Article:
Finally, we need to keep the end users’ devices in mind: In the future, Augmented Reality will be used not only with traditional mobile devices like tablets or smartphones. More likely, it will be used with smartglasses. All three types of devices may require different approaches to prepare AR content – not just different resolutions and fields of view, but also different interaction mechanisms such as gesture control, voice recognition or touch screen functionalities.

The above points only cover some general requirements for authors preparing AR content. There are many more specific challenges (e.g. how to deal with changes in the product during dismantling), which no technical author had to face in the past.

 

What are today’s challenges?

Today, AR technology to track and superimpose 3D content has reached a level where it can be implemented in production. Various companies like Metaio, Frauenhofer or Vuforia supply the technologies. What has been missing so far are tools to industrialize the AR content creation, integrate AR into existing tools and processes, and significantly reduce the effort to create new AR applications. But today, tools are hitting the market that support not only mass data creation, but also the management of different releases and permanent updates – the typical challenges for any type of technical documentation. Bosch, for example, provides a framework (CAP – Common Augmented Reality Platform) to manage and deliver AR content on a large scale.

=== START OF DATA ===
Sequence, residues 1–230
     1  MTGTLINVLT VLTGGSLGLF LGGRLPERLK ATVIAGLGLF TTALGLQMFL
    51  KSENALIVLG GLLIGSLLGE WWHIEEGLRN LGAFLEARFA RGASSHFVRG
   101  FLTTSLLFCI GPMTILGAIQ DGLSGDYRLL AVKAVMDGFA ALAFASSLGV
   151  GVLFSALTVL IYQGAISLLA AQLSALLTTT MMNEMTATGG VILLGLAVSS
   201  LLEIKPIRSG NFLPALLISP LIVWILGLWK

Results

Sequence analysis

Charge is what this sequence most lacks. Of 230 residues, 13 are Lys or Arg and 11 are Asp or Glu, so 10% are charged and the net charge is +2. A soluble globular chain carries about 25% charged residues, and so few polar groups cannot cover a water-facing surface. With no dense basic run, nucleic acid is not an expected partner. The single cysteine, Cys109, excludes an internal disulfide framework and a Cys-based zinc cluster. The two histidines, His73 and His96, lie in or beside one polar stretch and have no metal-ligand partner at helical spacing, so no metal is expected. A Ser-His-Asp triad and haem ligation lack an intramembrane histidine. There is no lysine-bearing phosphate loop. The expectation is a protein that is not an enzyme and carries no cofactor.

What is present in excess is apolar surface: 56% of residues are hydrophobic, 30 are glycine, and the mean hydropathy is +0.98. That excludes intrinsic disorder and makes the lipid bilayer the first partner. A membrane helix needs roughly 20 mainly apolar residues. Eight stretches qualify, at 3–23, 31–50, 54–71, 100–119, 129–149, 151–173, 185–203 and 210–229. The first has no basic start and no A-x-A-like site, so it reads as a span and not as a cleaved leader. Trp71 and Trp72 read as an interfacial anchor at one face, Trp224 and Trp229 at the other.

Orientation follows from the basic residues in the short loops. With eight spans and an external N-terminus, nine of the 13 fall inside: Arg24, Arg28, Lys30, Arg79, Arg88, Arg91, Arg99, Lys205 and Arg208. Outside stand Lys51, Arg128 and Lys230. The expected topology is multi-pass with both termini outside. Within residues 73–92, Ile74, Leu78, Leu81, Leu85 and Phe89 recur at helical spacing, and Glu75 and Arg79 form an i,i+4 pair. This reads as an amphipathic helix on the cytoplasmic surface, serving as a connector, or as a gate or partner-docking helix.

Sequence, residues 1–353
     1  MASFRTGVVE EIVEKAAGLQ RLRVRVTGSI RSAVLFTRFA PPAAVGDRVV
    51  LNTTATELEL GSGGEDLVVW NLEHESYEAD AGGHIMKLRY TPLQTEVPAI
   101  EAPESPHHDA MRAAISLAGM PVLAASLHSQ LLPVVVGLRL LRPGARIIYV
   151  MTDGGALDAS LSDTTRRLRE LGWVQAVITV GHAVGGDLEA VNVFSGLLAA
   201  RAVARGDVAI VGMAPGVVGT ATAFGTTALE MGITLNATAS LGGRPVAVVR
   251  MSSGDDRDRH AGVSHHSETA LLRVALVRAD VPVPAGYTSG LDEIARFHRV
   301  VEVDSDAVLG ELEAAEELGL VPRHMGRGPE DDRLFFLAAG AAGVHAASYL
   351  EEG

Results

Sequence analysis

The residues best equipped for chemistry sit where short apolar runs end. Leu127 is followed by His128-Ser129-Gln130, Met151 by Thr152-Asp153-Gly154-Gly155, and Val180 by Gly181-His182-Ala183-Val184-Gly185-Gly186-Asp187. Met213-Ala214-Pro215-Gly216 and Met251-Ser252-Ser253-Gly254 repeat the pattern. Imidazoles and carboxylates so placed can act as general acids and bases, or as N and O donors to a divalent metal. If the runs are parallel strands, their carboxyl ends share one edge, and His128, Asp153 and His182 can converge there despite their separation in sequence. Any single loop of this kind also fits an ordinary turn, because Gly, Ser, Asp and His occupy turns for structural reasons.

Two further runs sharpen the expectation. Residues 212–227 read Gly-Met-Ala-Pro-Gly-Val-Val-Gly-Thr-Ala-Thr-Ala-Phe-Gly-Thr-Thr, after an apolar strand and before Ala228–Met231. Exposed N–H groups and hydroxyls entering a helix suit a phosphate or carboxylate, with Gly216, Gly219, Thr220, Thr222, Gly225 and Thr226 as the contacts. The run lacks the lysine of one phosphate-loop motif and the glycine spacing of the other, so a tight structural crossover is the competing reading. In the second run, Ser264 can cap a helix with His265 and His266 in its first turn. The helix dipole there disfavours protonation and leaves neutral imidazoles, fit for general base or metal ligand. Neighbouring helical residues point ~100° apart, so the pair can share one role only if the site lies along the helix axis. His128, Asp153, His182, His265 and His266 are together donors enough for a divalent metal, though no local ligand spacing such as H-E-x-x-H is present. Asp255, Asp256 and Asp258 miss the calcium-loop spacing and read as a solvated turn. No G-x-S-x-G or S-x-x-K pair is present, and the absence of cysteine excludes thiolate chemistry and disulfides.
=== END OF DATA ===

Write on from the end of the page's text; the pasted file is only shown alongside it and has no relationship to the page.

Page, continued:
One of the biggest challenges for a company getting started with Augmented Reality is the lack of objective information on how to introduce AR: What are the risks, what ROI can be expected, how can AR be approached, what legal aspects like safety or security are relevant, etc.

But while the tool landscape has been improving, new organizations have emerged that aim to provide exactly this bit of missing information. Organizations like AREA (Augmented Reality for the Enterprise Alliances, www.thearea.org) are quickly becoming the platform for questions related to Augmented Reality.

Apart from the demand for the cost-efficient creation of AR content, the biggest challenges lie in the limitation on available devices. Using a tablet or smartphone might work perfectly fine for an AR application, but it blocks the hands of the user. To get the most out of Augmented Reality, users need hands-free operation. This is possible with smartglasses and smart helmets. Although this market is growing, it still lacks some breakthrough features such as a wide field of view while still being light and comfortable enough to wear the whole day.